Sam Juan is having its first ever Puerto Rican Day Parade on Saturday, May 18, 2024. Airlines are adding flights to the Island from the states. This is the first Puerto Rican Day parade in Puerto Rico.

It is by no means the first Puerto Rican Day parade. The first Puerto Rican Day parade was held in New York City in 1958. And even that was not the beginning. The National Puerto Rican Day Parade’s origins can be traced back to 1954, when New York City held a Desfile Hispanoamericano  or Hispanic Day Parade. In 1958, a group of community leaders, including Catholic Archdiocese of New York representatives Cardinal Spellman and Ivan Illich, advocated for a separate parade specifically honoring Puerto Rican heritage. This marked the birth of the Puerto Rican Day Parade in Spanish Harlem.

The early years of the Puerto Rican Day Parade were a time of growth for New York’s Puerto Rican community as the Great Migration brought more people from the Island to the states. The event served as a rallying point for the community, providing a platform to showcase their culture, traditions, and achievements. It fostered a sense of unity and pride amongst Puerto Ricans navigating life in a new environment, facing challenges like language barriers and discrimination.

In 1964, the parade moved to its current location along Fifth Avenue, solidifying its place as a major cultural event in New York City. In 1995, the organization officially became the National Puerto Rican Day Parade, reflecting its broader significance beyond New York City.

National Puerto Rican Day Parade

The National Puerto Rican Day Parade has become a multifaceted celebration. Floats representing cultural organizations, community groups, and businesses fill the streets, accompanied by vibrant music and dance performances. The parade also serves as a platform for social and political commentary. Community leaders, activists, and elected officials use the parade to highlight issues important to the Puerto Rican community, such as educational equity, economic empowerment, and the ongoing debate about Puerto Rico’s political status.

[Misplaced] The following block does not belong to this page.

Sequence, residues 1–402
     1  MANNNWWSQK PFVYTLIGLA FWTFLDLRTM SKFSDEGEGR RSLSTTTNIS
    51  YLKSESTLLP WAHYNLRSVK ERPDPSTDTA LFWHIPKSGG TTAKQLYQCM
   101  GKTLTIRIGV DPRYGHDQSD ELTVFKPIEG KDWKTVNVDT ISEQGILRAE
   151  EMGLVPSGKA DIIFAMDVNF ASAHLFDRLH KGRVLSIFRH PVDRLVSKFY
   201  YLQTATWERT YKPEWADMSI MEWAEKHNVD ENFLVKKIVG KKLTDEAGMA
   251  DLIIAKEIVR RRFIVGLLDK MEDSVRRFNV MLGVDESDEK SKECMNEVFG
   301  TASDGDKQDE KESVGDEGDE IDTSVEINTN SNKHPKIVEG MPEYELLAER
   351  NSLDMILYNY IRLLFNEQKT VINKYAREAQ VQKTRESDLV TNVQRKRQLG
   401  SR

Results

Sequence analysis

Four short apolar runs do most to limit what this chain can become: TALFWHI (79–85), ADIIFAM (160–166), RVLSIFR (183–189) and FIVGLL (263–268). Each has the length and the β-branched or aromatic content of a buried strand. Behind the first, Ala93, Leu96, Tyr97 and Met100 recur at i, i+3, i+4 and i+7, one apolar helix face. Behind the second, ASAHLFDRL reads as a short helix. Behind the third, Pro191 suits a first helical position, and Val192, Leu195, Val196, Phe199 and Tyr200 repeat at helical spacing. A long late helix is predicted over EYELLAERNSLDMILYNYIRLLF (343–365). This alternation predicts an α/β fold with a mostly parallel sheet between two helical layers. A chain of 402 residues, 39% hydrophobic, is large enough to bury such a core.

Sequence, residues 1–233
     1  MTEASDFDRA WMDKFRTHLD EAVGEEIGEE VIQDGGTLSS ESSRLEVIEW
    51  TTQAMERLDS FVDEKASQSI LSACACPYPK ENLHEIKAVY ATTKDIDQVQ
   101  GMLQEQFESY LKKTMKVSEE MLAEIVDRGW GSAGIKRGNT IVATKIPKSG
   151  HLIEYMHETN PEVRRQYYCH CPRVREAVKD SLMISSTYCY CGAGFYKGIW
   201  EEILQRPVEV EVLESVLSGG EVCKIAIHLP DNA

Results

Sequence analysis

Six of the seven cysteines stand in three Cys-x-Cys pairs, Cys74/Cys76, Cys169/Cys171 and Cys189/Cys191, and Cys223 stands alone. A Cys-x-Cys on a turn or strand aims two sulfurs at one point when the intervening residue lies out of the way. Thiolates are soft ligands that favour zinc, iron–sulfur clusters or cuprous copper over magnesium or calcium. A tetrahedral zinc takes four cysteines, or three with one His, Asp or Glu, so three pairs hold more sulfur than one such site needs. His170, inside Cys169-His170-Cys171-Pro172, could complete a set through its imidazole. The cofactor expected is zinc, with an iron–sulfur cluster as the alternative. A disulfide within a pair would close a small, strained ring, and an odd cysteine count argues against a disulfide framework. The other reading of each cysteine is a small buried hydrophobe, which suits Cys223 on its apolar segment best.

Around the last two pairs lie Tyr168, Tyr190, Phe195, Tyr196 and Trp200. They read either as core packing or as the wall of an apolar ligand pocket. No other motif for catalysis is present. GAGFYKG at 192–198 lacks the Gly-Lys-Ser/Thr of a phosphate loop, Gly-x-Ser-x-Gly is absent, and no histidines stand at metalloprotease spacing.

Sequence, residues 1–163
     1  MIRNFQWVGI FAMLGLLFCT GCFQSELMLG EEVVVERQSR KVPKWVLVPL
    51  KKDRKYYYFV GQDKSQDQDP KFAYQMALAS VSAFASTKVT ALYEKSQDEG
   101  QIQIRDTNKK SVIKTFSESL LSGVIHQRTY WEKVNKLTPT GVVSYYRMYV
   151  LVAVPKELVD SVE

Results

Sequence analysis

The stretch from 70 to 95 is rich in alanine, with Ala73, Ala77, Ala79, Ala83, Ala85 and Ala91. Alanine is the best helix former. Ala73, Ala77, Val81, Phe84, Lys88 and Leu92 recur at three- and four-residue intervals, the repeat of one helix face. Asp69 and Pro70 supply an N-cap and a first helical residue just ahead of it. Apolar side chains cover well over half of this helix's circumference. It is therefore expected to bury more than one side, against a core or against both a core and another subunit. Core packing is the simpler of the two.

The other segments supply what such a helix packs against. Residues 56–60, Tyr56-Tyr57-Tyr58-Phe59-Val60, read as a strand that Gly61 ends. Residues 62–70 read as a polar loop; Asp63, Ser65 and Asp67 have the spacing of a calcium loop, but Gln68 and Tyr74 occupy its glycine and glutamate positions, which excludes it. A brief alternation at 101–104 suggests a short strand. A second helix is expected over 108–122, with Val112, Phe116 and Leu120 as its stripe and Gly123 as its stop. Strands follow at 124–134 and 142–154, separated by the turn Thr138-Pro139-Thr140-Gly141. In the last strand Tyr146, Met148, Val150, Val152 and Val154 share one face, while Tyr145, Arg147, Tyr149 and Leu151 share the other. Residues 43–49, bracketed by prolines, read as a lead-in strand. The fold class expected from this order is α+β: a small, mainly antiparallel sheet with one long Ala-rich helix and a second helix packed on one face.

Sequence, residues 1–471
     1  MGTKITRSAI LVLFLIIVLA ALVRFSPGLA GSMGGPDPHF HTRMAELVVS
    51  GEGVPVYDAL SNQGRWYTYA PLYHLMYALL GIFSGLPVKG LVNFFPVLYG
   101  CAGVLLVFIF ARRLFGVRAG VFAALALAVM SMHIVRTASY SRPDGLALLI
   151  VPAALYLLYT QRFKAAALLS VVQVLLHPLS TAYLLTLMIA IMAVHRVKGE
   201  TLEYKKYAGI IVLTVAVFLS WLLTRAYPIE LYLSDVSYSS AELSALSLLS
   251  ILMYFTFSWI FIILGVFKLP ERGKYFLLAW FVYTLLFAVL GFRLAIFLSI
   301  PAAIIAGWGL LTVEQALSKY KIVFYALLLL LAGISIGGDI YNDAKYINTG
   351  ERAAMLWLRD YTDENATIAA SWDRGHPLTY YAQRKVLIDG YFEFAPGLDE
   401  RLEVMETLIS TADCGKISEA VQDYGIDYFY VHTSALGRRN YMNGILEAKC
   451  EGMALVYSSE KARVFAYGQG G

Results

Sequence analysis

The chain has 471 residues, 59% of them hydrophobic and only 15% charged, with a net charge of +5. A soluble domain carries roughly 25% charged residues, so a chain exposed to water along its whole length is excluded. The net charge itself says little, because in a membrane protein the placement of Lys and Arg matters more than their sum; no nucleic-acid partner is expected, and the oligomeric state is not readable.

Despite its celebratory nature, the National Puerto Rican Day Parade hasn’t been without its challenges. Criticisms have been raised regarding internal organizational issues and the commercialization of the event. Additionally, topics concerning representation within the parade and the complexities of diasporic identity remain ongoing discussions.

Despite these challenges, the National Puerto Rican Day Parade remains a powerful symbol of Puerto Rican resilience and cultural identity in the United States. It’s a testament to the vibrancy and contributions of the Puerto Rican community and a platform for celebrating their rich heritage. As the parade continues to evolve, it represents a vital space for cultural expression and a reminder of the importance of a strong collective voice for the Puerto Rican diaspora.

Other Puerto Rican Day parades

New York City holds the largest Puerto Rican Day parade, and the one know as the National Puerto Rican Day parade, but it is not by any means the only one. Newark, New Jersey, held its first Puerto Rican Day parade in 1961, just a few years after New York City inaugurated theirs. Hartford, Connecticut, and Philadelphia, Pennsylvania,  followed suit in 1964. Chicago held its first Puerto Rican Day parade (now the  Puerto Rican People’s Day Parade) in 1966. Cleveland, Ohio, started theirs in 1969. Many more cities hold their own version of the parade.

Orlando, Florida, is one of the most recent additions to the list, beginning in 2016. Florida now has the largest Puerto Rican population on the mainland.

San Juan’s parade will bring the desfile puertorriqueño back to Puerto Rico.



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